Now that Core i7 reviews have hit the streets, it’s time for Geeks3D to offer a quick overview of this new technology.
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FiringSquad has published an article that compares PhysX performance of CPU versus PPU versus GPU. The softwares used for this test are Unreal Tournament 3, Nurien and Warmonger.
Conclusion: for over two years old graphics cards, Ageia PhysX PPU is useful but isn’t able to match the performance of today’s GeForce cards.
Read the complete article here: PhysX Performance Update: GPU vs. PPU vs. CPU
In PhysX FluidMark news, I put a graph that shows CPU/PPU/GPU comparison. The results show a larger difference between PPU and GPU but this is due to the kind of test: fluid simulation.
FiringSquad takes a look at PhysX performance with GeForce 8/9/GTX200 based graphics cards by testing several games that support PhysX (Unreal Tournament, Warmonger, NKZ, Nurien). The first conclusion is that PhysX is really accelerated on GeForce and the difference between CPU PhysX and GPU PhysX is notable:
To do the tests, FiringSquad has used a modified version of NVIDIA Forceware 177.79. But no indication is given about the modifications on that driver.
They also used the NVIDIA PhysX driver 8.07.18.
SLI PhysX performance is also analyzed but for SLI brings so much power that the tests are CPU-bound. Anyway, SLI PhysX rocks!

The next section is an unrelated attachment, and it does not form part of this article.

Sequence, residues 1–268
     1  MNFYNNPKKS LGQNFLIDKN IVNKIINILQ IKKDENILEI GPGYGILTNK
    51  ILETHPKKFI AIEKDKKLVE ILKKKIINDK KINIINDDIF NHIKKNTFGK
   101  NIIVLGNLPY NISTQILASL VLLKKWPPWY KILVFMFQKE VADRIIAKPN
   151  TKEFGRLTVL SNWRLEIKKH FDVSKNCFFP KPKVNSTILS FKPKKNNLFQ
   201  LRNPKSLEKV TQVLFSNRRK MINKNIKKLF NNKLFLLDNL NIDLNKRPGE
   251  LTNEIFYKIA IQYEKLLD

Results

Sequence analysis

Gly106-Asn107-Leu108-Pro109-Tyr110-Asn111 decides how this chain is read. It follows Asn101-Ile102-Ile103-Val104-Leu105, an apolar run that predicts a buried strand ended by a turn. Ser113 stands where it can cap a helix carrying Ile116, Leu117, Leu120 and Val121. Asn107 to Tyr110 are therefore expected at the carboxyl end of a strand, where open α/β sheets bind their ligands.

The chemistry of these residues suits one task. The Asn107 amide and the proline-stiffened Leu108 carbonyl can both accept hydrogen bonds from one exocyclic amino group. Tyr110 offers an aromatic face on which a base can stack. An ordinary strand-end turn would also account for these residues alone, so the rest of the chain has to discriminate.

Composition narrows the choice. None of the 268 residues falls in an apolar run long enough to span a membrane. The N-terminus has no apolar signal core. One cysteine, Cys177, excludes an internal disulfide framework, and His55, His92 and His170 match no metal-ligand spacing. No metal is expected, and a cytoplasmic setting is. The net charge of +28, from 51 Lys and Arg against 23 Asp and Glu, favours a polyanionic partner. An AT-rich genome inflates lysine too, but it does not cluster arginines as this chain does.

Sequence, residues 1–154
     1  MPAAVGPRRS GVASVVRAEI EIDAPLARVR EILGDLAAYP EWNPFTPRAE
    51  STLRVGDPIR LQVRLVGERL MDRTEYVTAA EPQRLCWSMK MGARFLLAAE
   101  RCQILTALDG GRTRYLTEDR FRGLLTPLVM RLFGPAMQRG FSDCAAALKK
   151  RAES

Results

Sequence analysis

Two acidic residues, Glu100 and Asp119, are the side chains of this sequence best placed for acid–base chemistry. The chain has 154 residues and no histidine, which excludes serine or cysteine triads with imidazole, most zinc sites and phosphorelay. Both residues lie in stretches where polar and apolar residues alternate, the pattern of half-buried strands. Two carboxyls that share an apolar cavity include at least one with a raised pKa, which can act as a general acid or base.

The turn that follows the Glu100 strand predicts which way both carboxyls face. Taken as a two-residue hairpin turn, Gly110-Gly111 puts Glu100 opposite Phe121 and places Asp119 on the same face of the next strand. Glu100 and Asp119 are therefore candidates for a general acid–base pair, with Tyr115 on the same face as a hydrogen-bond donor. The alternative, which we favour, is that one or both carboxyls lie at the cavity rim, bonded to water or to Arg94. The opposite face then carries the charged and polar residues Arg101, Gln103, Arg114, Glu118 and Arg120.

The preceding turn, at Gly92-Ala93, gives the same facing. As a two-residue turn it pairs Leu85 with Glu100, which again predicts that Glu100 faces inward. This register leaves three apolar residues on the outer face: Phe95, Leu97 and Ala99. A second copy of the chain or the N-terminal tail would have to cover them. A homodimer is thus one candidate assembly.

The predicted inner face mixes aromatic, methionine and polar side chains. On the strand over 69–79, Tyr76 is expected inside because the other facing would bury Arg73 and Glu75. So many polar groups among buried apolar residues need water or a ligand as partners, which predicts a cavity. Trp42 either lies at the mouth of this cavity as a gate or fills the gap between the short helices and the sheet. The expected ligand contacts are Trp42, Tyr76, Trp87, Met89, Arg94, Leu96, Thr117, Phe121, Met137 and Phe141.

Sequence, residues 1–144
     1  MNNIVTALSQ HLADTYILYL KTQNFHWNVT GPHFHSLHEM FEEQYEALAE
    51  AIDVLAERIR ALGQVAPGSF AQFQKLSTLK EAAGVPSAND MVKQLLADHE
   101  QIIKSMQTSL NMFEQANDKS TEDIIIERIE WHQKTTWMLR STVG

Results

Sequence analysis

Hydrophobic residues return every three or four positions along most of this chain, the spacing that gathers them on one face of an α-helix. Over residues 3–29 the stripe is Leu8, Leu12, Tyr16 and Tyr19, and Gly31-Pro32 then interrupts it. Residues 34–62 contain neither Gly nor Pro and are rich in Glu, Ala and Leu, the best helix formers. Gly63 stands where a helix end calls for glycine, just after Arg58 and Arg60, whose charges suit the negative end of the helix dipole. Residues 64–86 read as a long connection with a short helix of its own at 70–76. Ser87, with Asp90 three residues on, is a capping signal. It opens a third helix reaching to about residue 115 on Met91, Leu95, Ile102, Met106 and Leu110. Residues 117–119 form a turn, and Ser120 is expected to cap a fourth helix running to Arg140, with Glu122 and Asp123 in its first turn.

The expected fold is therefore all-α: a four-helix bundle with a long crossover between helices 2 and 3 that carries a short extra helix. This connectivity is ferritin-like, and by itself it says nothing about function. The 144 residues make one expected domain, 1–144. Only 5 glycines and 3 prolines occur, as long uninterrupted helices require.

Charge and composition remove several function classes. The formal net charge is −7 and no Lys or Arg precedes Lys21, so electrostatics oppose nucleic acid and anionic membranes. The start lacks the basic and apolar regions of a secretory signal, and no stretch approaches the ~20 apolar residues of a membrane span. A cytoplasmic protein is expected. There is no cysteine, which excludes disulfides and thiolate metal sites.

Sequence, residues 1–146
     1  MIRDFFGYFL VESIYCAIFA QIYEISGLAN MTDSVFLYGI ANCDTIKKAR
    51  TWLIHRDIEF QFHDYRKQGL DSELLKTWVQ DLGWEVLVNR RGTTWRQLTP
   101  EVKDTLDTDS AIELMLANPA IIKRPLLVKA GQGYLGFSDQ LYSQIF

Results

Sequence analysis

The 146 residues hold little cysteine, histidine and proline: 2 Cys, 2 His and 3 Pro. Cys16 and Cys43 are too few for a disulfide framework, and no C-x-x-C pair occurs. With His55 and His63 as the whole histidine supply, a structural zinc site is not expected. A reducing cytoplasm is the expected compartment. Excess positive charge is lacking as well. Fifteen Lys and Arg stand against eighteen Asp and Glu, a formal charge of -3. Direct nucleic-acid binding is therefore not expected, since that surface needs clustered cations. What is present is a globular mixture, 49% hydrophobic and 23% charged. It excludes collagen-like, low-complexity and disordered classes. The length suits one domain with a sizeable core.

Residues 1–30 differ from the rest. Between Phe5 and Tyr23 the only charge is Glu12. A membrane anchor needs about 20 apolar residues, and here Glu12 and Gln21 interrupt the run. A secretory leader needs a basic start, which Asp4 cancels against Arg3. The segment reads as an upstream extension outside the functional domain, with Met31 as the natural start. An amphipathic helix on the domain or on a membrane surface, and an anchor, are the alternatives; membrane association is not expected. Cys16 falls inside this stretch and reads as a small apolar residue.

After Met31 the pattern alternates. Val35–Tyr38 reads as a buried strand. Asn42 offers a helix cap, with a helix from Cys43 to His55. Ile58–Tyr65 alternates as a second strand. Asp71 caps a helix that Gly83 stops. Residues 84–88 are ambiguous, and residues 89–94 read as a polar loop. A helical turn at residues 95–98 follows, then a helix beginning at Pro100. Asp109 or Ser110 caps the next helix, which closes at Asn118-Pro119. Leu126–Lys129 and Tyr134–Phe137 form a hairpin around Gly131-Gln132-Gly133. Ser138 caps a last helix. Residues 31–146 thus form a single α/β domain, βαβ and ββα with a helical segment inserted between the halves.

Read the complete article here: PhysX Performance with GeForce.
More news about PhysX: PhysX News at Geeks3D.
[English]Thermaltake V1 CPU Cooler is a Masterpiece[/English][French]Le Refroidisseur CPU Thermaltake V1 est un Chef-d’Oeuvre[/French]
The aim of this program is to explore the possibilities of modern 32bit CPU’s how to speed up (without any loss of precision or non-exact calculation) the traditional Mandelbrot algorithm including also full support for multiple cores. The Mandelbrot algorithm is implemented with double precision floating point numbers. You will find 3 different in the archive file:
- KMB_V0.53H-32b-MT_FPU…..: only standard FPU code is used for calculation
- KMB_V0.53H-32b-MT_SSE2….: SSE2 tuned version almost best for all CPU’s
- KMB_V0.53H-32b-MT_SSE2_PM.: SSE2 tuned version especially for Intel Pentium M and Intel Core1 CPUs (it’s in fact KMB_V0.53G-32b-MT_SSE2 as Version H was slower)
Download Kümmel Mandelbrot Benchmark HERE.
Here are my scores on an old clock-stock Core2Duo 6600:
Do you know what CUDA and OpenCL stand for and how they could make your computer 50 times faster? If so, you can safely jump to the “Ending the mess” section below. Otherwise read on for a gentle introduction.
A computer has two important processing units: the CPU and GPU. Think of them as the two brothers in Rain Man. The GPU is the ultimate autistic savant. He’s really, really good at counting stuff and doing a lot of complex math at the same time.
The CPU is your regular guy. He can do all kinds of stuff that the savant can’t. He goes along well with everybody, as long as they speak English. If he learns to take advantage of the savant, the two of them can do amazing things like count cards at Poker.
In other words, the GPU is natural at some operations that involve repetitive calculations, like those necessary for drawing 3D graphics and doing basic image manipulation.
Read the rest of this article HERE.
Here is a small benchmark that try to compare several optimized Intel OpenCV library functions with their GPU analogs, written using OpenGL and GLSL shader language.
More information HERE.
Because I can’t resist, here is my score (Core 2 Duo 6600 default clocks, Radeon HD 3870 Catalyst8.5, WinXP 32-bit) with Resolution multiplier set to 4:
------------ CPU | GPU step1: 75.3 21.5 step2: 35.8 22.5 step3: 05.7 00.7 Total Time: 116.9 345.3